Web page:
Friday, May 21, 2010



A bit over 10 years ago the ICAEW Tax Faculty published its Ten Tenets for a Better Tax System. This was intended as a set of principles by which tax policy ought to be judged.

Last February the Treasury published a consultation document, “Tax Framework for Business” (At least it was called a consultation document. Unlike other such documents it did not call for comments but simply gave as a footnote an e-mail address to which comments could be sent “ahead of the budget”, i.e. in contempt of the then government’s own three-month standard consultation period). The tax framework set out six principles against which the then government would consider changes in tax policy. It is to be hoped that the present government will also endorse these principles as they are remarkably similar to the Tax Faculty’s Ten Tenets.

Ten Tenets Tax Framework

Statutory -
Certain ) stability and certainty
Constant )
Simple Simplicity
Easy to collect and calculate Tax administration/compliance costs
Properly targeted -
Subject to proper consultation -
Regularly reviewed -
Fair and reasonable Fairness
Competitive (Competitiveness
(Minimum distortions to commercial

The above are in no particular order. It is perhaps not surprising that the Treasury omits “Statutory”, i.e. that Tax Legislation should be enacted by statute, not enacted by the Treasury in the form of secondary legislation (statutory instruments) or by HMRC in the form of guidance or tertiary legislation (binding instructions). Proper consultation, although not in the Treasury’s list was probably omitted as being a given. In the last 10 years there has been, if anything, too much consultation, although it is questionable how much of it met the “proper” objective.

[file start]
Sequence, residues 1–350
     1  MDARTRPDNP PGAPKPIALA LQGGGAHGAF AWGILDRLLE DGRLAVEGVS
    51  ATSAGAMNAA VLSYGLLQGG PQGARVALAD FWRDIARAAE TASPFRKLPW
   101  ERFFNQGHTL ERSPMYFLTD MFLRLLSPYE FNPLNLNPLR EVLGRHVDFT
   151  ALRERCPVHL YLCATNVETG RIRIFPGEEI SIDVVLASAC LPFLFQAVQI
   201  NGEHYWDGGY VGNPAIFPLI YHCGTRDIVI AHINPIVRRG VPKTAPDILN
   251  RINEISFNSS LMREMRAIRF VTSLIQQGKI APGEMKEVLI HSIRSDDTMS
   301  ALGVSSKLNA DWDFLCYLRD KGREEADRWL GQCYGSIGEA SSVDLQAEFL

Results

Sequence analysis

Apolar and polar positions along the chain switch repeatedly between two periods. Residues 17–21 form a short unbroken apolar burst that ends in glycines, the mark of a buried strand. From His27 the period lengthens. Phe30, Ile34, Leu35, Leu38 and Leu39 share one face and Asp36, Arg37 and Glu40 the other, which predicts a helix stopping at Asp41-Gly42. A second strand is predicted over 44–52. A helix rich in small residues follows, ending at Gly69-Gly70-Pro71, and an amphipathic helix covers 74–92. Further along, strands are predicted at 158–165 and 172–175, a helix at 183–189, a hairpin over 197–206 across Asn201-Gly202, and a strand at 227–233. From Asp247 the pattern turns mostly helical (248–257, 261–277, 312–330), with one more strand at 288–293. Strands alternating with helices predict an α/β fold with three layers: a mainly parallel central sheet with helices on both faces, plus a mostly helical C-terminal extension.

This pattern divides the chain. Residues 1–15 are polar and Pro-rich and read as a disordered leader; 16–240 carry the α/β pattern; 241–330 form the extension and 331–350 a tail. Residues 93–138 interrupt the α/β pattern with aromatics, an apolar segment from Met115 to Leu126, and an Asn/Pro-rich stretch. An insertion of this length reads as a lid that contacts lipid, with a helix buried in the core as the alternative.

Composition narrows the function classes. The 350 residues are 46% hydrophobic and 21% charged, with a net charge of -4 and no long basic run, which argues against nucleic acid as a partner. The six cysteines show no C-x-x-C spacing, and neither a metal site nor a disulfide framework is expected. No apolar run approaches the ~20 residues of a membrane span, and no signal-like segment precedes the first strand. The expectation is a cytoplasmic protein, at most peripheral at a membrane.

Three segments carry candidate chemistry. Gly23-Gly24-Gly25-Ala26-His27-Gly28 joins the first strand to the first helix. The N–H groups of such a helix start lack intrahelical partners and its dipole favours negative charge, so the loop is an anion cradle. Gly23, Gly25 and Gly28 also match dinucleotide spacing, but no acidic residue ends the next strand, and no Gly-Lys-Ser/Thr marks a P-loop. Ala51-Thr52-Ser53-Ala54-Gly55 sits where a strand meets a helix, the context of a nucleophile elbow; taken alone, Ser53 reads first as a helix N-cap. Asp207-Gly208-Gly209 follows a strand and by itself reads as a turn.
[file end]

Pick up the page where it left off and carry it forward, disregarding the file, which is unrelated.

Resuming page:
I doubt that many in the Tax Faculty would suggest that tax legislation over the last 10 years has paid much attention to the Ten Tenets. The corollary is that it has not paid much attention to the Tax Framework either. There is an old saying, “actions speak louder than words”. I hope that George Osborne will not, like his predecessors, simply pay lip service to the Treasury’s Tax Framework but will both adopt it and keep to it. Perhaps the Regulatory Impact Assessments introduced by Gordon Brown – which in practice very few believed as the government’s assessment of the costs to businesses of proposed tax changes always seemed wildly understated – could be replaced by a Tax Framework Assessment showing to what extent proposed tax changes conform with the Framework.

Of course no change can be expected to tick all of the boxes. For example, simplicity and fairness are poor bedfellows as, almost by definition, simplicity is likely to lead to unfairness in many cases. Fairness requires legislation to foresee all of the circumstances in which the legislation is likely to impact and ensure that it impacts fairly in each. Simplicity inevitably is likely to mean dealing only with the most common situations.

The Tax Framework also omits, I suspect deliberately, what has probably been the major driver of uncertain, complex, often poorly-targeted and sometimes unfair legislation in the last 10 years. This is Combating Tax Avoidance, which probably constitutes over 50% of the tax legislation over that period. This is set to continue whatever government we have. Tax avoidance by its nature militates against either simplicity (as complex legislation is needed if the legislation is to be properly targeted) or certainty (which in recent years has on several occasions been jettisoned by the introduction of mini general anti-avoidance provisions (GAAR) (or Targeted Anti-Avoidance Provisions as the last government preferred to call them) although targeted in this context meant no more than that a general provision applied only in a specific situation).

Although many people put simplicity at the top of their list of principles, indeed the Conservative Manifesto pledged some sort of Simplicity Commission, most businesses would actually put certainty far ahead of simplicity. People want to know the likely tax effect of their transactions before entering into them. A simple system that gives HMRC a high degree of discretion to challenge transactions that they decide they do not like, which is what a GAAR is, may look superficially attractive, but makes doing business extremely difficult.



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